The publication of the 13th tome — more than 800 pages long— will bring to completion a project launched by the federal government in 1988.
The completed dictionary, containing more than 36,000 articles, is written in each of the country’s three official languages — French, German and Italian.
In addition to two volumes written in Romansh, Switzerland’s fourth national language, the latest publication brings the entire history to 41 volumes, each weighing three kilograms, the ATS news agency reported on Tuesday.
The work is notable for being one of the first dictionaries in the world to be developed electronically since its inception.
The first volume of the dictionary appeared in 2002.
Articles from the reference books can be accessed on the Internet for free.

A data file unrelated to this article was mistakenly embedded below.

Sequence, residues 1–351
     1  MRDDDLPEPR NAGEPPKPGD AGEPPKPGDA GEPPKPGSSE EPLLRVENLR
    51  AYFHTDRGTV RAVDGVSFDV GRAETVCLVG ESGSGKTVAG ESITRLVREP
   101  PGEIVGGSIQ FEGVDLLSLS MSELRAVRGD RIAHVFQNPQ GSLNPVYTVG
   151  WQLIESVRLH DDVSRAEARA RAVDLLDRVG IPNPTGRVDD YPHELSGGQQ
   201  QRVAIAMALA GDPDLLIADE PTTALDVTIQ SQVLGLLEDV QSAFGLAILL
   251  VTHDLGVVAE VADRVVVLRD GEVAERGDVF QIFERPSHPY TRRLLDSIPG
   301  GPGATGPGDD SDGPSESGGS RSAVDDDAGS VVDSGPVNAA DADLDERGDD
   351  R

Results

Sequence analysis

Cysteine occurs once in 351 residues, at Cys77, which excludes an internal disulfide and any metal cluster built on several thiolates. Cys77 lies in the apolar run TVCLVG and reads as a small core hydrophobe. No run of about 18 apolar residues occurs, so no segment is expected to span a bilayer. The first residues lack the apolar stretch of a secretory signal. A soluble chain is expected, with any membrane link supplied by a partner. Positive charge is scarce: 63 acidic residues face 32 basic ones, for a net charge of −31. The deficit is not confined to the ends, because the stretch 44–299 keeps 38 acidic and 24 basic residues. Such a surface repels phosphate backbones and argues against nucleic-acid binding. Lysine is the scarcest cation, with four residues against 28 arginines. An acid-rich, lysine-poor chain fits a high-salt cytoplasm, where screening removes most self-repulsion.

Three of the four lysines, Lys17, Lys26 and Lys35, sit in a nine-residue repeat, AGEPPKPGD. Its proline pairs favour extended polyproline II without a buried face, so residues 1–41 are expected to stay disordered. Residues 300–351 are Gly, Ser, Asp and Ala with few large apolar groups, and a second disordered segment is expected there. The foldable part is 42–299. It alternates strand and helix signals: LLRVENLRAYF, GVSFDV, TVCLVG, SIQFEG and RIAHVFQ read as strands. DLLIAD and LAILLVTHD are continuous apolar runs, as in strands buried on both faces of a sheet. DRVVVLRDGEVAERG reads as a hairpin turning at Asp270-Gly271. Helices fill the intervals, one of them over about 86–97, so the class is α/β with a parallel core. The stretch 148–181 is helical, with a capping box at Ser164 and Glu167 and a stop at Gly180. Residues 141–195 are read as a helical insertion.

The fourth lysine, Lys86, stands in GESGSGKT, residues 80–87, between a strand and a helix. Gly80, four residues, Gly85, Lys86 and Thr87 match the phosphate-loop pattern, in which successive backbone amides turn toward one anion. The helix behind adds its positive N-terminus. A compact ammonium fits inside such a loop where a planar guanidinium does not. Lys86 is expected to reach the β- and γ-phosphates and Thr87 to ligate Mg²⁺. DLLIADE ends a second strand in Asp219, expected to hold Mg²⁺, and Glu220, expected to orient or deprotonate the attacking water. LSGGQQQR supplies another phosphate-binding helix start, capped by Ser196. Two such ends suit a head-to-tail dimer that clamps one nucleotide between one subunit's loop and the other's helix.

While work on the dictionary is finished, information on the Internet will be continually adapted and updated, ATS reported.
One thing missing from the Internet version is the illustrations, which give an added allure to the printed volumes, which sell for 298 francs each.
Close to 3,000 contributors and teams of editors in Bern, Bellinzona (in the canton of Ticino) and Chur (in the canton of Graubünden) spent 25 years compiling the dictionary.
One hundred academic advisers from Swiss and foreign universities were involved.
The final volume, covering the letters Valk to Zz in French, includes more than 3,300 articles.
For online access to the dictionary, click here.